- In terms of gender, Telegram, Twitter and LinkedIn are more popular with men than women (38% compared with 18%, 15% compared with 7% and 19% compared with 8% respectively). This contrasts with Instagram and Pinterest that are relatively more popular with women (55% compared with 48% and 15% compared with 5% respectively).
- No gender-related differences were found regarding the use of Facebook, WhatsApp, TikTok and Signal. Notwithstanding, in terms of business usage, WhatsApp is slightly more popular among men (30% compared with 23% among women).
Public views regarding the impact of Facebook and the need for intervention by the State
- A majority of the public (53%) believes that the State should intervene in the activity of Facebook, compared with 28% who believe that the State should not intervene.
- The desire for intervention by the State was also high among those respondents who stated that Facebook positively contributes to their life: 51% of them claimed that the State should intervene in Facebook activity in Israel compared with 37% who claimed that it should refrain from intervening; and also, among those who do not know how Facebook influences their lives: 46% believe that the State should intervene while 23% believe that it should not.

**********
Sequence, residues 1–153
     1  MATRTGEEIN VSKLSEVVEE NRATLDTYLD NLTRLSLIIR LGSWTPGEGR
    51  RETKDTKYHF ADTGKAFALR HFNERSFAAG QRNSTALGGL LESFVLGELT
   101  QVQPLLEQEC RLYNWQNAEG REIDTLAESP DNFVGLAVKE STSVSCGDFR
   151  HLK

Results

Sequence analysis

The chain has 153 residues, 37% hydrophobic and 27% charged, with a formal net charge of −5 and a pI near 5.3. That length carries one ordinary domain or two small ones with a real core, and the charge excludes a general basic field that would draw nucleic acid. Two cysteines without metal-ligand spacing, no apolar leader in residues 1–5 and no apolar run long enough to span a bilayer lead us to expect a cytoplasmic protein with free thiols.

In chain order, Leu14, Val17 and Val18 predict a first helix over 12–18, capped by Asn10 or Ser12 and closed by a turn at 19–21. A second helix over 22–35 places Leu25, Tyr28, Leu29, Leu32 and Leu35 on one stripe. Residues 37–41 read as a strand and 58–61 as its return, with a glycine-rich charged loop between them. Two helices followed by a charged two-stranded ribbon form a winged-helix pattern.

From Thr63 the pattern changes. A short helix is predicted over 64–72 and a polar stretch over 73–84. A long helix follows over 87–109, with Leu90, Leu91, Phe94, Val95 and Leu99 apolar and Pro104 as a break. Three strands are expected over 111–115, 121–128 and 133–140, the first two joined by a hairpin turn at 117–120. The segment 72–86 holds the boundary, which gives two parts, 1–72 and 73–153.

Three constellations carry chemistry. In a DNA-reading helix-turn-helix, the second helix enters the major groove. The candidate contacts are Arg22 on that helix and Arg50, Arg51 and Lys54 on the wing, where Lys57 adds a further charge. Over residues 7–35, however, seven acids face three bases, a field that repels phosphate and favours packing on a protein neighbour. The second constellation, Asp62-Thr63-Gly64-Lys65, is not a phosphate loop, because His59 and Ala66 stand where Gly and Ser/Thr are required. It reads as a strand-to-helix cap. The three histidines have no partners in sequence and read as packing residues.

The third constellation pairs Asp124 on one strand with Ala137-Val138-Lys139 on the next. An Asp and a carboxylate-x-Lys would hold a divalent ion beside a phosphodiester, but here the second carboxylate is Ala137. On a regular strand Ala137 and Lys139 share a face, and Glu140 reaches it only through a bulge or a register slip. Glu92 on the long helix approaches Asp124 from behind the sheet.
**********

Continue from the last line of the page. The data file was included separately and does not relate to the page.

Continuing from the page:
- Men tend to feel that Facebook’s activity has a negative influence on their lives more than women:
- 34% of men believe that this is the case compared with 20% of women. In contrast to this, 37% of women believe that Facebook’s activity has a positive influence on their life, compared with 31% of men who believe that to be so.
- In a number of professional fields, the respondents attributed to Facebook a more negative influence on their lives: computers, high-tech and digital (39% of them were of this opinion), general services (39%) as well as science, academic and research (33%), compared with 18%–24% in other professions.
- People in the 23–39 age group also viewed Facebook’s influence on their lives in a more negative light than the members of the other age groups (32%–33% of them were of this opinion compared with 20%–26% among the other age groups).